- Cover the safety gaps resulting from the lack of compendial testing or other material information that, in many cases, the suppliers are not eager to provide.
- Identify “tentative” leachables that could be employed as target analytes for the development and validation of a “product-specific” methodology for the determination of leachables
The applied semi-quantitative generic methodology has been designed to cover representative leachables, designated by extraction studies of packaging materials available and which are commonly used in plastic manufacturing. The purpose of the initial screening of extractables is mainly to establish a “worst-case” potential leachables profile for the product-specific packaging materials and facilitate the establishment of qualitative and quantitative leachable-extractables correlations.
Extraction techniques commonly employed for this initial step include but are not limited to the following:
- Maceration (solvent soaking)
- Sealed vessel
The profile of the extractable components is acquired by the use of leading edge, hyphenated, orthogonal analytical techniques, required to cover their significant chemical diversity (e.g. LC-HRMS, GC/MS, GC/FID, ICP/MS etc.). Extractions that are not solvent-mediated can also be performed through the use of Headspace Gas Chromatography (HS-GC/MS).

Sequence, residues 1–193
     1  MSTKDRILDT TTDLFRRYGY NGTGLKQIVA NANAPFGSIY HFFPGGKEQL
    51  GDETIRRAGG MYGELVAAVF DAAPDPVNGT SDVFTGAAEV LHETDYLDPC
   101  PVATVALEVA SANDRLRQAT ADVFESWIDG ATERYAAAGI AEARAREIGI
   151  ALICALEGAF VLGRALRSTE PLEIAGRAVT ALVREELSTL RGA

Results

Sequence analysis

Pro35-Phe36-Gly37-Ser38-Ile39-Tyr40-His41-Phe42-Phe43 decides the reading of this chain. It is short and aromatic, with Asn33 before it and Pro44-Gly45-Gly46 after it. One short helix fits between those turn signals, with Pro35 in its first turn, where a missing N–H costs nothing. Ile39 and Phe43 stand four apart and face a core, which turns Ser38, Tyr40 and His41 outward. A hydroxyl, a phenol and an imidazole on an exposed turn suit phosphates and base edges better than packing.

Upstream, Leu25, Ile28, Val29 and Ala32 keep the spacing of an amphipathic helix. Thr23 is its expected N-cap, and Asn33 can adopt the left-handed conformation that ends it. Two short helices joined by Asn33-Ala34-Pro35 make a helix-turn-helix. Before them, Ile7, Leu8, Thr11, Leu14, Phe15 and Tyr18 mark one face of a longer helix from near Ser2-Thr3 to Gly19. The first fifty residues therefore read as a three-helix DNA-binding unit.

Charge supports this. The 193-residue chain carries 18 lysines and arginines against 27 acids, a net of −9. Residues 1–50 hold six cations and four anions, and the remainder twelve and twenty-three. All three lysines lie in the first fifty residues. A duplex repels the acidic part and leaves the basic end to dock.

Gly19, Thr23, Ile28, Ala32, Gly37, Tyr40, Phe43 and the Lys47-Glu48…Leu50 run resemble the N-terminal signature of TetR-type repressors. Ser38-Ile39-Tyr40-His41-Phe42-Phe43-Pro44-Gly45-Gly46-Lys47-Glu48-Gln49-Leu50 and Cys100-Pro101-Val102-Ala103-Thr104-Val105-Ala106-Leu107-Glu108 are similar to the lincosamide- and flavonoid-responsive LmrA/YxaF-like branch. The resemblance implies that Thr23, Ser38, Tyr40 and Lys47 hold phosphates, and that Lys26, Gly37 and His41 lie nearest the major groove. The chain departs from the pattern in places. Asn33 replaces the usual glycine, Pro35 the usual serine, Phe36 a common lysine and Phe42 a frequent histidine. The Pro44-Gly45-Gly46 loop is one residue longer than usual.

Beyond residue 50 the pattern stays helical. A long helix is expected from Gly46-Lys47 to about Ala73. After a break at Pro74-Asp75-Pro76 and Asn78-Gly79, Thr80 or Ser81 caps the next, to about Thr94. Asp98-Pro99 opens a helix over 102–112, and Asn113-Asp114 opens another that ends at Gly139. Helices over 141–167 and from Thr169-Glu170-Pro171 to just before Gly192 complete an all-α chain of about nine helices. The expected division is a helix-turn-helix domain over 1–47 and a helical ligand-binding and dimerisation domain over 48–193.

Packaging and Production-related materials risk assessment
A preliminary assessment of the extent of component testing is necessary in order to establish the suitability of plastic components involved in both packaging and the manufacturing process stream (e.g. tubings, filters, connectors, etc.). The assessment is based on risk factors related to the nature and conditions of the contact between the product stream, the extraction propensity of the solvents used and the nature of the plastic materials.
Recently, a framework for the risk assessment conducted for leachables in pharmaceuticals has been introduced. The Extractables and Leachables Safety Information Exchange (ELSIE) group has proposed such a framework, based on the concepts of the ICH Q9 Quality Risk Management guideline, while the general chapter of USP–NF 2022, Issue 1, <1665> proposes a framework for the risk evaluation of production related materials prior to the design of studies that address this risk or gaps in data that hinder the risk evaluation process.